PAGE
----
James Holmes Charged With 142 Counts

Aurora movie theater suspect James Holmes is now a defendant, charged with 24 counts of first degree murder, 116 counts of attempted first degree murder, one count of possession of an explosive or incendiary device, and one count which is a sentence enhancement for commission of a violent crime.

The Complaint and Information is here.

The first degree murder charges are under CRS 18-3-102(1)(a) and (1)(d). [More...]

CRS 18-43-102: Murder in the first degree. A person commits the class 1 felony of murder in the
first degree if:

(a) after deliberation and with the intent to cause the death of another person, he or she causes the death of that person or of another person; or

...(d)under circumstances evidencing an attitude of universal malice manifesting extreme indifference to the value of human life generally, he or she knowingly engages in conduct which creates a grave risk of death to another person or persons, and thereby causes the death of another;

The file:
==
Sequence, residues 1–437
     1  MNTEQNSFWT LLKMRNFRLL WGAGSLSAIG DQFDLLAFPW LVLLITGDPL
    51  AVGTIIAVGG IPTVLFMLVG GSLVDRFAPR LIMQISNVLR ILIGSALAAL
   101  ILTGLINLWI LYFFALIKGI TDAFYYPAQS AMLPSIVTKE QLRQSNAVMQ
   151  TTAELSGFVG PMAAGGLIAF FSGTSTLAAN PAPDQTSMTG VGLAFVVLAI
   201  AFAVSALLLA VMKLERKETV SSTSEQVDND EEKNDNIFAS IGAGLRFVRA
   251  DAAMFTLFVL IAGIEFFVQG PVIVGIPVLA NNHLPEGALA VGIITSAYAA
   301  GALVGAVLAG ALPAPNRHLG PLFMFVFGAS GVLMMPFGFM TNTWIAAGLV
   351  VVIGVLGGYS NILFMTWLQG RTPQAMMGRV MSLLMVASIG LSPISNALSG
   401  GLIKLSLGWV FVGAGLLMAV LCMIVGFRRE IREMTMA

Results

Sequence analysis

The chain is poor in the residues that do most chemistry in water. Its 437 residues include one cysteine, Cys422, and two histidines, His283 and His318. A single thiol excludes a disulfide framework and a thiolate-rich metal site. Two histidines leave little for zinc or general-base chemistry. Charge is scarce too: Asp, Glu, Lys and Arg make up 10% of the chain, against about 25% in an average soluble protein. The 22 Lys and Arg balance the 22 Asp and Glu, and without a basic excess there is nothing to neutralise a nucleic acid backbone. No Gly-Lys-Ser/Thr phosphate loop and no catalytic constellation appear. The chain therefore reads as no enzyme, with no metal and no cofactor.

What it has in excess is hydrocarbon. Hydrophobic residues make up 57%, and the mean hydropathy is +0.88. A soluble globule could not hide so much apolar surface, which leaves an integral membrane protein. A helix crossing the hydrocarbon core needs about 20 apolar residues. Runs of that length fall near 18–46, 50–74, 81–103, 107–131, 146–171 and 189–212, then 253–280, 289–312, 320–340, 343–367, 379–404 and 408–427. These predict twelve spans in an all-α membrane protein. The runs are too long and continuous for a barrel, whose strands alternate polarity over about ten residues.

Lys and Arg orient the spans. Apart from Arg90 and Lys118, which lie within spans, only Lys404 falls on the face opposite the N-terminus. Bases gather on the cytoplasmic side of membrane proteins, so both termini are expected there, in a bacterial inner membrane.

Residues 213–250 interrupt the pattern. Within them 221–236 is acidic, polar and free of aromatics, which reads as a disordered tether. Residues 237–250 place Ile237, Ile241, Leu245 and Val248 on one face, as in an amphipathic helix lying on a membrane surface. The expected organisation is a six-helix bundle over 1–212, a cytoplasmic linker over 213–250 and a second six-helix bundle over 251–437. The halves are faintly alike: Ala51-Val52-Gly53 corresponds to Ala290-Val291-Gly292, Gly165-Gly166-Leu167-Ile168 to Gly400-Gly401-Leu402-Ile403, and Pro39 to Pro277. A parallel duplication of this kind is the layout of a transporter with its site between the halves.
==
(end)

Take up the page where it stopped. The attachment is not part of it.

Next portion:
The crime of violence statute is here. The explosives statute is here.

The next hearing is August 9 at 1:30.

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  • Display: Sort:
    Extreme Indifference vs Insanity (5.00 / 1) (#4)
    by Tamta on Mon Jul 30, 2012 at 03:29:26 PM EST
    Please don't dump on me (5.00 / 4) (#9)
    by NYShooter on Mon Jul 30, 2012 at 09:20:41 PM EST
    for having a problem with terms like "nuts," "wacko,"  "crazy," etc. when discussing mentally ill, or troubled, people.

    I know it's not meant to be hurtful, or disrespectful to those afflicted, and goodness knows, I'm as guilty as anybody for misusing those words.

    It's just that I've had the good fortune of knowing and befriending many such troubled folks. Years ago the paths crossed for a certain young lady and my family. One thing led to another, we adopted her, and she's been the love of my life ever since. So, certainly, no guilt is implied, just a little understanding, and empathy. If the people dealing with these troubles don't like hearing those terms, that's good enough for me. We've grown as humans in so many ways and I'm just asking to expand the circle of compassion a little wider.